Journey from “The Center of the World”: On U.S. Exceptionalism and Disgust



With this new contribution by Zoé Samudzi, we continue the dialogue we have been loving having with her for the past few years. Writing from the United States itself, she analyzes the logics and psyche of the particular form of U.S. exceptionalism that a leftist critique solely focused on U.S. imperialism produces. In doing so, she shows us how adoration and disgust of the U.S. are the two sides of the same Americentric coin.

The ending of the Cold War, the collapse (and defeat) of the Soviet Union (and so, in a way, communist statecraft), brought about a relative unipolarity of political power. The years that followed were shaped by theorists and pundits scrambling to forecast the political epoch that would fill the vacuum previously inhabited by tense superpower conflict. Validly criticized for a laundry list of reasons, Francis Fukuyama’s The End of History and the Last Man (1992) claimed that Western liberal democracy was the “end-point of mankind’s ideological evolution,” and that its “universalization” would be “the final form of human government.” Four years later and in direct response to his former student, Samuel P. Huntington advanced his Kulturekampf-ian theory of civilizational clash: that the post-Cold War political arena would be defined by cultural conflict, represented in their highest developmental form by the civilization. Per his thesis, Western civilization, naturally led by the United States, would be increasingly at odds with the rest of the world cordoned into civilizational clusters. Major contestations (clashes) would come from “Sinic” civilizations (i.e. China), and threats presented by increasingly destabilizing fundamentalist Islam. In “The Clash of Ignorance,” an essay published after the September 11, 2001 terrorist attacks, Edward Said rightfully criticized Huntington’s central implication that it is necessary to strengthen the United States such that it sufficiently eliminates any challenge that might undermine its naturalized claim to unfettered hegemonic power.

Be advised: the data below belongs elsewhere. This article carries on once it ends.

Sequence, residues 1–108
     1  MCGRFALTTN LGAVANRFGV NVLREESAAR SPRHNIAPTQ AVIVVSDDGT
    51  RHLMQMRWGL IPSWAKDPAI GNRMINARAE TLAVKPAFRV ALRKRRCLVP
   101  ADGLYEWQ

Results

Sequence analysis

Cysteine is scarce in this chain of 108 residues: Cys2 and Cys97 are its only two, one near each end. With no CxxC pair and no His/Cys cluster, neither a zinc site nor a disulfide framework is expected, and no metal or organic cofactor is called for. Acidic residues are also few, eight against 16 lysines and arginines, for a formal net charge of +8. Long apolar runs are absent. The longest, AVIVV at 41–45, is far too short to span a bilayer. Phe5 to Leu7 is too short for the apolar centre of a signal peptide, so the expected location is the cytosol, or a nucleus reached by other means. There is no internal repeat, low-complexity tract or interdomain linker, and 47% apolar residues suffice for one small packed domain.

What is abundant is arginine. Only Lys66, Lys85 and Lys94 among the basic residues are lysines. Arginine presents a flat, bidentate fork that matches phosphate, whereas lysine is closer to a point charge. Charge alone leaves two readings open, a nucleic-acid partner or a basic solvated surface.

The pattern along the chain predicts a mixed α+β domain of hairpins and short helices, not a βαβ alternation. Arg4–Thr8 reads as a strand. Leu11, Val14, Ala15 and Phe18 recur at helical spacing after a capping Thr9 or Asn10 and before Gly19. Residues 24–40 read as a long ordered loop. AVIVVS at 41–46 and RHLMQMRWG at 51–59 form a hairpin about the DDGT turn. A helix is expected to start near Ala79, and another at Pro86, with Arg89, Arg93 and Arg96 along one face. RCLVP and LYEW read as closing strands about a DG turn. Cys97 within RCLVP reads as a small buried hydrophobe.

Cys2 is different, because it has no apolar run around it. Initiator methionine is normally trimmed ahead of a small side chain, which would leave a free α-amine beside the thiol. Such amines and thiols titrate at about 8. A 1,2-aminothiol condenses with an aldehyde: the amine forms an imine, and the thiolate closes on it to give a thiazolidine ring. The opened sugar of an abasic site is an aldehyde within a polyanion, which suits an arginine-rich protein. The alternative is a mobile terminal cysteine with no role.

This thesis of civilizational clash, Said writes, is far more a justification for and reinforcement of jingoism than an analytic that offers any real insight into the global interdependence of allegedly discrete civilizational entities and the temporalities in which they are allegedly situated (e.g. the oft repeated belief in the antithesis between Islam and modernity). Most left analyses in the United States fortunately do not generally take cues from the kind of Orientalism, xenophobia, and perpetual preparation for war that constitutes its foreign policy. But they are nevertheless entangled in U.S. exceptionalisms of another kind.